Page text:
Thieves In The Temple

Let me start by filling you in on some of my back story.

I come from a family that is quite....colorful.  I would love to just sum them up in one blog post, but even if it were possible, it would be an injustice of gross proportion.  I grew up with my grandmother and father.  They were quite eclectic.  Creative.  And incredibly smart.

But incredibly uneducated.

They also probably had about 75% of the listed mood disorders used by the American Psychiatric Association. 

Too bad they never sought psychiatric consultation.

But not really.  Because that was part of the fun.  You see, I had a wild, volatile, tempestuous childhood.  It had extreme highs of laughter and adventure.  It could also be painful and raw at times and still can be when my siblings and I take all that visceral emotion out from where we've packed it to be seen, heard, and discussed.   It was a childhood steeped in financial poverty as my "parents" (I have always and will always refer to my father and grandmother as such) did not work due to physical disabilities.  Probably, in hindsight, some psychological and emotional ones too.

But we were rich in other ways.  I value education, reading, and philosophy because of my parents.  They were not formally educated--my father left school after about the 10th grade and my grandmother left after about the 3rd, by some accounts.  But as an example, she read the newspaper front to back daily.  Discussed and argued politics at the kitchen table every morning with my uncle before he went to pour concrete as a Teamster.  I learned many things sitting at that kitchen table, not least of which was just how much Folger's black coffee two people could drink while chain smoking Marlboro reds without dropping dead on the spot.  It was quite impressive, actually.

But I also learned that it was important to read.  To self educate.  To think.  And to have opinions for myself and to know why I had them.  I have never been one to import my political, religious or any other affiliations from my family as if they were some sort of inheritance handed down from generation to generation.  My grandmother would roll over if she thought I did that.  My legacy that she imbued in me was to think.  Form opinions.  Be able to discuss and defend them.  Keep an open mind so they could change.  She also taught me to be honest and to have integrity.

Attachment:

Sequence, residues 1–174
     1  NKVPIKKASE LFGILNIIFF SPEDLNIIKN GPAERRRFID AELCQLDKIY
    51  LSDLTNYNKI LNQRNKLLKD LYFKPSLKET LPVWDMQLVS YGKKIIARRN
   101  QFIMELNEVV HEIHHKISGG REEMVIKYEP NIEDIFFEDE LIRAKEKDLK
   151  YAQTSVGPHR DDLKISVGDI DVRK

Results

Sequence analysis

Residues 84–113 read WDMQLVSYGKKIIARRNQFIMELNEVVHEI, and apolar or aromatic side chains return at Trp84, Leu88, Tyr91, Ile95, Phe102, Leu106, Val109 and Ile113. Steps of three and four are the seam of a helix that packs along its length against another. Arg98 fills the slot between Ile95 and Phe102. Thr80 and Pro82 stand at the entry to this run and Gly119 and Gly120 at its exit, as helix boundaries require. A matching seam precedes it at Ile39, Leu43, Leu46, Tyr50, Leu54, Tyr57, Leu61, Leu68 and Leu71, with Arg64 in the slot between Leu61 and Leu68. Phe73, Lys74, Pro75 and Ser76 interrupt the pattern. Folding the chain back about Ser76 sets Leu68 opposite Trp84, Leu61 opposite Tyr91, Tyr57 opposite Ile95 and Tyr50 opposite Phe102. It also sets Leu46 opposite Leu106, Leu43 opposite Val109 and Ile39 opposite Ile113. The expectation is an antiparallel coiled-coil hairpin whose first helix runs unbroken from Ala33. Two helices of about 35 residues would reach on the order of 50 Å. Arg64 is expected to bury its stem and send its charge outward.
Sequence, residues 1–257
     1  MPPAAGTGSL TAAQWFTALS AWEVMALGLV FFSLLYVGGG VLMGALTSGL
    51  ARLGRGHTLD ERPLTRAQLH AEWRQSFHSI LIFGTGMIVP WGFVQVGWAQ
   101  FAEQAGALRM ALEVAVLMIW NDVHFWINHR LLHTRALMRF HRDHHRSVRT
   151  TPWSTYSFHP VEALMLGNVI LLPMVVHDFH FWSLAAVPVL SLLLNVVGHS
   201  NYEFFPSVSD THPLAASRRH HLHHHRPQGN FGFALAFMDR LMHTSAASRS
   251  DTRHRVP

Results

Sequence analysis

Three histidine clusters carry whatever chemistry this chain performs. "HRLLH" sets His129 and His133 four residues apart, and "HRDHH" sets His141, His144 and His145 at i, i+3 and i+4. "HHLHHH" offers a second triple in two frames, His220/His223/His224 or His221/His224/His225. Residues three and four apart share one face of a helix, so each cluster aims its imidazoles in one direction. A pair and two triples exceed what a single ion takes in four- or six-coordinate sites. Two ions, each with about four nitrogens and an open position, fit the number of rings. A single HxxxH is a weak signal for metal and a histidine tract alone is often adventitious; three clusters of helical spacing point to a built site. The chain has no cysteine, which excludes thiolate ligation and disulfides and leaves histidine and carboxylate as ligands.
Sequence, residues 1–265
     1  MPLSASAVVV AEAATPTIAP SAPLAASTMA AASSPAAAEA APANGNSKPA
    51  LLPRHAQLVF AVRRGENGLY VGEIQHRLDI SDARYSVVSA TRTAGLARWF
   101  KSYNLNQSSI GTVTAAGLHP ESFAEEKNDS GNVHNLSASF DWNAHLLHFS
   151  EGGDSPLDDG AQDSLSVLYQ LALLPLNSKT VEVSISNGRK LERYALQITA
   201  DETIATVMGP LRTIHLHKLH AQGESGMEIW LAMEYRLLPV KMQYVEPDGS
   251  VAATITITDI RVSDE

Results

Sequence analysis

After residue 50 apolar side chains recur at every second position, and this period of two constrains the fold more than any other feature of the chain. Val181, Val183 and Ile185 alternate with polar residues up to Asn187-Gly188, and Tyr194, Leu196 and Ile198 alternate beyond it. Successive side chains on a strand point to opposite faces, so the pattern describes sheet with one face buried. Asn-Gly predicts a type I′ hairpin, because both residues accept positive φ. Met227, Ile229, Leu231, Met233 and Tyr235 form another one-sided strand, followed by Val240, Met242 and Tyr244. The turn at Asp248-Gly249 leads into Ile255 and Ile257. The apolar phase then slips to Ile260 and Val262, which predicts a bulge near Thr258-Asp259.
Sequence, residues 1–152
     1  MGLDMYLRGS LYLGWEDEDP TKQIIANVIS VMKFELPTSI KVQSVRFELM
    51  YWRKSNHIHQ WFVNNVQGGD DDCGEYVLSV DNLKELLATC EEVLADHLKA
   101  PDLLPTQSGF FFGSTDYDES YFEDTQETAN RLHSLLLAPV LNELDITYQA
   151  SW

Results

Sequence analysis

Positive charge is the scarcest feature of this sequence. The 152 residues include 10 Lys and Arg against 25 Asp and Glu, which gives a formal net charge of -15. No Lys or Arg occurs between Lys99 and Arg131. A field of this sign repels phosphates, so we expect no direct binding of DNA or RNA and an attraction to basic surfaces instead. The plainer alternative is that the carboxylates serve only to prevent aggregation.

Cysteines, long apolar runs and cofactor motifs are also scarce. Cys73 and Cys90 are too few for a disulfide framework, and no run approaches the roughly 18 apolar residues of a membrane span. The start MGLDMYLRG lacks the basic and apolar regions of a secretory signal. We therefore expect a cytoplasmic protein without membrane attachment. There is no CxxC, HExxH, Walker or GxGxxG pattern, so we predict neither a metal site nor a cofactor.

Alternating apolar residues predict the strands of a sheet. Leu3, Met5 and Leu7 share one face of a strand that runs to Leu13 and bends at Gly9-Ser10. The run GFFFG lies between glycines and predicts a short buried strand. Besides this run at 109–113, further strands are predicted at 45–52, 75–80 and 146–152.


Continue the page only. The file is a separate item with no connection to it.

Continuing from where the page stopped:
My father, on the other hand, taught me how to be self-sustainable. Not directly, necessarily, as it was not as if we had formal father-daughter sessions on independence and self-sufficiency.  No, he led more by example.  He couldn't necessarily work a "normal" job with his disability and illnesses, but he found ways to provide.  And not all of them aligned with my grandmother's lessons in honesty and integrity.

Nope, Dad was a grifter.

He had charisma.  I'm not sure people even minded so much being taken advantage of.  But it really is the best take advantage he did.  So, growing up in this mixed bag of a household, you might wonder how I turned out.

Whose lessons were stronger?  Grandma's?  Or Dad's?  Well, as it turned out, I try to keep things honest.  I try not to lie, and I don't cheat (well, not unless it's for fun) and I do NOT STEAL.

Well, I didn't.

Let me explain.  Because June and Johnny forgot to stock the barn with hay.  Now, the white board instructions for us to take care of their farm clearly stated:  "2 flakes of hay in the a.m. for goats and lambs".
Don't worry, I had to figure out what the hell a "flake" was too.  But regardless, there was no hay!  They told us the cows didn't need any (poor Eli) as they wanted them to graze the pasture as it had greened up nicely from the recent rain (what if it got hot again?).
So, we had no hay.  Tomas and I looked at each other that very first morning and simultaneously said, loudly, to each other,
"Now what the fuck are we supposed to do?"

I'd like to point out that Tomas usually has a much more cultured vocabulary and would not use such language as freely as I.  But the situation was dire.  No food for our wards.  We were in charge of these animals.  They were entrusted to us.  AND they were trusting us to take care of them.  So, I have to say the solution came as naturally and clearly as anything in my life ever has.  I looked Tomas deep in the eyes and said,
"We need to go steal some."

From the neighbors.  We had toured their farm and barn and land just the week before.  I always heard that people in the country were friendly.  You know...neighborly.  So, I figured they couldn't mind too much if we lifted a few bales.  For the children. 

And just like that, I understood my dad.  Hungry kids = hungry kids.  So what if one type are human and one are goats.  Same diff.  We had responsibilities.  And come hell or high water, we were going to take care of business and feed our "family".  Even if we had to steal it.   

So, we hopped in the Polaris, rode down to the neighbors, jacked some bales and rode back like the hounds of hell were after us.  We were laughing like loons as, in our hearts, we knew that we would confess our crime and June and Johnny could settle up the hay account when they returned.  In the meantime, we could be stealthy and pretend we were Bonnie and Clyde riding around in an ATV like mad gangsters.

It was magnificent.

Of course, when I updated June with the problem and our brilliant solution, she just said they wanted the goats and lambs to graze on pasture.

Hello?  White board?  Oh well.  It's another bullet for the resumé, we figure.

Hay burglars.  

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